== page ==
Our Epistle reading from Galatians 3 is a great example of this. St. Paul writes in verse 16, “Now the promises were made to Abraham and to his offspring. It does not say, ‘And to his offsprings,’ referring to many, but referring to one, ‘And to your offspring,’ who is Christ.” If you read the passages from Genesis to which St. Paul is alluding, you would never come to that conclusion if we didn’t have Galatians in the bible! My Old Testament professor would probably have given St. Paul a bad grade if he wrote that in a term paper! Nevertheless, the Holy Spirit, through the pen of St. Paul tells us that this is the proper reading of the text.
Similarly, verses 23 and 24 of our Gospel tell us that we should be looking for a Christ-centered meaning to the parable, not a moralistic one.
Note also, the beginning of the parable itself. Verse 25:
And behold, a lawyer stood up to put him to the test, saying, “Teacher what shall I do to inherit eternal life?” He said to him, “What is written in the Law? How do you read it?” And he answered, “You shall love the Lord your God with all your heart and with all your soul and with all your strength and with all your mind, and your neighbor as yourself.” And he said to him, “You have answered correctly; do this, and you will live.”
The lawyer comes to Jesus with a question about salvation, and Jesus answers with the Law! If a person came to you asking, “What must I do to be saved,” I would hope you would point them to Jesus and not merely tell them to live a good life. But that’s not what Jesus does. He doesn’t say “Follow me.” In fact, when the man responds with the Summary of the Law that we recite most every Sunday, Jesus reaffirms his conclusion.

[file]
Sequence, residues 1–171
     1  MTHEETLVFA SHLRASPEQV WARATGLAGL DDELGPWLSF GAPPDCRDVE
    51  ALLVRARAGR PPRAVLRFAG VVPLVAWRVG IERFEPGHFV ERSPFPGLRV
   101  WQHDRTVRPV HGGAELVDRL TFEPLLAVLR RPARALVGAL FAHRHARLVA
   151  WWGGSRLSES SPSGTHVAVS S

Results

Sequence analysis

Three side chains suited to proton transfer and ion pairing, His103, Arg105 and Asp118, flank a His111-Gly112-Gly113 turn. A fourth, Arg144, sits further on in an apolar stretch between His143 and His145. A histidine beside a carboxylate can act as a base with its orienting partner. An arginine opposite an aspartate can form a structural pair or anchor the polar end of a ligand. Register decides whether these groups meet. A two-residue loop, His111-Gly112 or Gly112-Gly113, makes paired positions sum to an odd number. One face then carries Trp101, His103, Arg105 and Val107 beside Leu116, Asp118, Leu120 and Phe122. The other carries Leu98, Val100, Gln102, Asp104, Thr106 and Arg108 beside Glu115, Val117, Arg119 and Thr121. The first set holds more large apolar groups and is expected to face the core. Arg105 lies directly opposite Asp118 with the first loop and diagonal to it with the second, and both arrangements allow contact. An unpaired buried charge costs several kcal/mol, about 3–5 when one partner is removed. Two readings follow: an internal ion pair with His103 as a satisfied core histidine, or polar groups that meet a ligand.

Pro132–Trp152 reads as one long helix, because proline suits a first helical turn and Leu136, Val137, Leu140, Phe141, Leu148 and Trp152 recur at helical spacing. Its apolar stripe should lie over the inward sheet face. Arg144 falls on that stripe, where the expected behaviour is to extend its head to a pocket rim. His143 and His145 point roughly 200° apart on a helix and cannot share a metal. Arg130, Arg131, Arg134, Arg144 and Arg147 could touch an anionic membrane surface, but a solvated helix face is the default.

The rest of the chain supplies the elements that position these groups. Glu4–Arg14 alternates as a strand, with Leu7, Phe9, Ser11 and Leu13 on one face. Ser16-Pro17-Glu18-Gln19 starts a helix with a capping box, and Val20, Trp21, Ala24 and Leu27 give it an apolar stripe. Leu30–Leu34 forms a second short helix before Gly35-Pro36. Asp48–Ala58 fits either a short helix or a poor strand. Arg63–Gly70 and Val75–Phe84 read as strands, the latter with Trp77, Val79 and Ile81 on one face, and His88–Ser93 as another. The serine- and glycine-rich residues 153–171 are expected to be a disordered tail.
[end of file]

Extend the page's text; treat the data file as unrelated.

Why would Jesus answer with the Law rather than with the Gospel? Verse 29 gives us a clue: “But he, desiring to justify himself, said to Jesus, ‘And who is my neighbor?’” The man is a student of the Law and gives a stereotypical legal answer. He wants to justify himself by finding a technicality. He wants to find a loophole. He knows that loving one’s neighbor is difficult, so he seeks to limit his liability to God’s law by finding a narrow definition of “neighbor.” The parable is Jesus’ response to the man’s self-justification. Verse 30:
Jesus replied, “A man was going down from Jerusalem to Jericho, and he fell among robbers, who stripped him and beat him and departed, leaving him half dead. Now by chance a priest was going down that road, and when he saw him he passed by on the other side. So likewise a Levite, when he came to the place and saw him, passed by on the other side. But a Samaritan, as he journeyed, came to where he was, and when he saw him, he had compassion. He went to him and bound up his wounds, pouring on oil and wine. Then he set him on his own animal and brought him to an inn and took care of him. And the next day he took out to denarii and gave them to the innkeeper, saying, ‘Take care of him, and whatever more you spend, I will repay you when I come back.’ Which of these three, do you think, proved to be a neighbor to the man who fell among the robbers?” He said, “The one who showed him mercy.” And Jesus said to him, “You go, and do likewise.”